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Groundwater quality changes after closure in place

25 years of observations

Stu Cravens

OBG’s Stuart (Stu) Cravens, a thought leader in hydrogeology, recently joined Bruce Hensel of Electric Power Research Institute to talk about groundwater quality changes when a pond is closed in place.

Groundwater quality changes can be expected when a pond is closed in place. The type and degree of changes depend on factors like the type of cap, hydrogeology, and whether groundwater is intersecting. With extensive experience in the field, Stu and Bruce have worked on many projects—going back 25 years to today—that offer examples of various ponds, which have undergone in-place closure in varied hydrogeologic environments with a range of water quality characteristics. Drivers for observed change, or lack of change, are presented at each facility, as well as examples of groundwater model prediction results for recent closure plans of impoundments using modeled caps.

Learn more in the presentation Stu and Bruce gave at the 2018 Workshop on Current Issues in Ponded Coal Combustion Products (CCPs). Hosted by the American Coal Ash Association (ACAA) and UK Center for Applied Energy Research (CAER), the workshop took place on March 20-21, 2018 in Richmond, Virginia.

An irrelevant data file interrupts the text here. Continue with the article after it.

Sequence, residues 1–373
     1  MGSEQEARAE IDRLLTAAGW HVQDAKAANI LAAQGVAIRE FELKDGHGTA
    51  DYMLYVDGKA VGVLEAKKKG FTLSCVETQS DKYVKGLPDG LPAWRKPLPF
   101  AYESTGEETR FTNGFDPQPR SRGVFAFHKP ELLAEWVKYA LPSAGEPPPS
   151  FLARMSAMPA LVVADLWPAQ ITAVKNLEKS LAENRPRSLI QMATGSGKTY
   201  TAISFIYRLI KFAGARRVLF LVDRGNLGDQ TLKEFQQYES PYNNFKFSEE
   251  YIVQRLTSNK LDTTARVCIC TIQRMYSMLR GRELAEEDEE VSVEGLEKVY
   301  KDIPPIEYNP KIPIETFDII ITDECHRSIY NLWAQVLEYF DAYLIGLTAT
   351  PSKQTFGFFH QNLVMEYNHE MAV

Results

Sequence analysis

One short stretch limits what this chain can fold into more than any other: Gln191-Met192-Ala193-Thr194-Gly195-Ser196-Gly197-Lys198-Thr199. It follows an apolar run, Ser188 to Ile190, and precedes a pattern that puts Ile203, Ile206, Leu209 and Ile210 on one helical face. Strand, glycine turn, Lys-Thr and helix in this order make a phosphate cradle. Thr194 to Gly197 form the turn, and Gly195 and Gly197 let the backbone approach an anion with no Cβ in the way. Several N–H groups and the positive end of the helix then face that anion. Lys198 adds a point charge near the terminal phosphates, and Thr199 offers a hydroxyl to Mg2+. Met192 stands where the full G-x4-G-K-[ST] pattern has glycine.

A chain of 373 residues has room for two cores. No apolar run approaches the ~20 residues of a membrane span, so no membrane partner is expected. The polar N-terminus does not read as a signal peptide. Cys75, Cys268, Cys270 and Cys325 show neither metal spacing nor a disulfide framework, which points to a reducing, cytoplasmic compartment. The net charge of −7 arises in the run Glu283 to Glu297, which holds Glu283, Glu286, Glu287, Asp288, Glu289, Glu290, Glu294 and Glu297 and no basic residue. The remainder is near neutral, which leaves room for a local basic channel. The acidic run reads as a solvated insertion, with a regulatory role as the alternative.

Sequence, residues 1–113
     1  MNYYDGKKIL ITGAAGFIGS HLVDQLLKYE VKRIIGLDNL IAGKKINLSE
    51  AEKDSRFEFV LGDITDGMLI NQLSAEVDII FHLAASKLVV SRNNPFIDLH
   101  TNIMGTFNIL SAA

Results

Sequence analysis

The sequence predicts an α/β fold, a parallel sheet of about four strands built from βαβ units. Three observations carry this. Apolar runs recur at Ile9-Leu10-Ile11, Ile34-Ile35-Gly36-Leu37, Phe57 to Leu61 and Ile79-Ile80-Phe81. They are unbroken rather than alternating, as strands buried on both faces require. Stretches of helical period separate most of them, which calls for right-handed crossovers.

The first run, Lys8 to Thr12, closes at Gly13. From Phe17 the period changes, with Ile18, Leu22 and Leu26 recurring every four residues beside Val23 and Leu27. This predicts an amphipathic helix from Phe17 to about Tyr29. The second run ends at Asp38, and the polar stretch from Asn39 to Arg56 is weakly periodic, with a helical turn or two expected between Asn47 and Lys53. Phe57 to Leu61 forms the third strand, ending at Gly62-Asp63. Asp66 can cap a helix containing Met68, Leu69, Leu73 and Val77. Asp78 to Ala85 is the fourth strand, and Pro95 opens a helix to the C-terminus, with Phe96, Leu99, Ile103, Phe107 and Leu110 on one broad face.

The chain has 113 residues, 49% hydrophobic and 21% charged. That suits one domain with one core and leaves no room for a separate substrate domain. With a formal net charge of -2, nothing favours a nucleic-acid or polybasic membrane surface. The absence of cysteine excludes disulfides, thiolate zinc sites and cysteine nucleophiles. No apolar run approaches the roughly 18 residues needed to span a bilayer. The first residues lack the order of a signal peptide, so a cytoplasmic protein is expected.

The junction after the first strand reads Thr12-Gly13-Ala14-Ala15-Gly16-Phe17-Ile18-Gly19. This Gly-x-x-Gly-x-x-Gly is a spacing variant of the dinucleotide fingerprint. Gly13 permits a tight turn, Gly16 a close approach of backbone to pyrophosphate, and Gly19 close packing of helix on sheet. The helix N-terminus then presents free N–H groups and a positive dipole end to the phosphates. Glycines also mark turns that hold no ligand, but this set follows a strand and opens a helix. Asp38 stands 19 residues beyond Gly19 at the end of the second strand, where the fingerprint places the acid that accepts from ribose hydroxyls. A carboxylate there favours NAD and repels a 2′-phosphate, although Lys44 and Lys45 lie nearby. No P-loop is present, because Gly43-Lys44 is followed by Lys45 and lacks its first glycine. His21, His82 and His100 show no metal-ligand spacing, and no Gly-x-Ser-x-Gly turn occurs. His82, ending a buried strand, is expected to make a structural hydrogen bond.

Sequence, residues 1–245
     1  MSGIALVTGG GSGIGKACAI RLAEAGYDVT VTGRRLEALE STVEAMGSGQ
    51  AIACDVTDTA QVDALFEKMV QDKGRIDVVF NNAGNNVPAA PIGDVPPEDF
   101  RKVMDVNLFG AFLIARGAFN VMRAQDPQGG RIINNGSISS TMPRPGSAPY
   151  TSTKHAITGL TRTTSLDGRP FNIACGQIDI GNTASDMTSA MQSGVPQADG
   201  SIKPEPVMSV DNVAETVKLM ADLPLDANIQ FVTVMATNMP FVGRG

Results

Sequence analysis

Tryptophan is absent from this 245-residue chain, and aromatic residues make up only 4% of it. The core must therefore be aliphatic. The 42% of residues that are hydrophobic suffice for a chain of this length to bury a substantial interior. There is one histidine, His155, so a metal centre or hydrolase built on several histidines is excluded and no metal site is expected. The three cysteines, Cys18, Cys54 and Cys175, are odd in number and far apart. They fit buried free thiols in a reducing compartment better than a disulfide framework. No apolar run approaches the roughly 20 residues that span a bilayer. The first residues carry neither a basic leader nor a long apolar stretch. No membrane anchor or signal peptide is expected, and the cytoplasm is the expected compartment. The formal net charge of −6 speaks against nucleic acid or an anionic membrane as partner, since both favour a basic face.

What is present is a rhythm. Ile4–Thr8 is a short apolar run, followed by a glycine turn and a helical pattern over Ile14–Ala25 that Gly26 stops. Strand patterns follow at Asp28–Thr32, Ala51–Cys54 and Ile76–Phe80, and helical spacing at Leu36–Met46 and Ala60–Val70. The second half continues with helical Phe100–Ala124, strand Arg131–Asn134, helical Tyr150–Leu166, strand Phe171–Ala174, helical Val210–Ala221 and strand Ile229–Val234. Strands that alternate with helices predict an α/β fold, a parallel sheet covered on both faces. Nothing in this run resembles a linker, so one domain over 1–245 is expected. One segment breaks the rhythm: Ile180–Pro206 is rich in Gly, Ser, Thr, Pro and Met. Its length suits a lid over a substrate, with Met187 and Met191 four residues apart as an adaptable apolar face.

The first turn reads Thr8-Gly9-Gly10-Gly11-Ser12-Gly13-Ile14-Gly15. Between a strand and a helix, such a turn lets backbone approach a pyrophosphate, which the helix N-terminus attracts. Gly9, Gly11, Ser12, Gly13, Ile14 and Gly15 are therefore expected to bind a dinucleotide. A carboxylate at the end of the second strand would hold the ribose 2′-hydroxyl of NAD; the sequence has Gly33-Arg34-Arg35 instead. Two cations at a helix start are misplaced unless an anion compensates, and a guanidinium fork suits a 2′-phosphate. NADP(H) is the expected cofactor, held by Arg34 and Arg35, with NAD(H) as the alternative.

Groundwater Quality Changes After Closure in Place: 25 Years of Observations [PDF]

About Stu Cravens: Stu is a technical director and thought leader in hydrogeology at OBG. A hydrogeologist with 35 years of experience, much of Stu’s work has focused on investigation and management of groundwater issues of coal combustion residuals (CCR) at landfills and impoundments. He currently manages groundwater compliance issues at 52 CCR impoundments and landfills—most recently involving the development of closure plans for eight unlined impoundments. Stu can be reached at: Stu.Cravens@obg.com

About Bruce Hensel: Bruce manages Electric Power Research Institute’s (EPRI) Coal Combustion Products—Environmental Issues program. A hydrogeologist with more than 30 years of experience, much of Bruce’s work has focused on leaching characteristics of CCRs, and groundwater management at CCR landfills and impoundments. Bruce can be reached at: bhensel@epri.com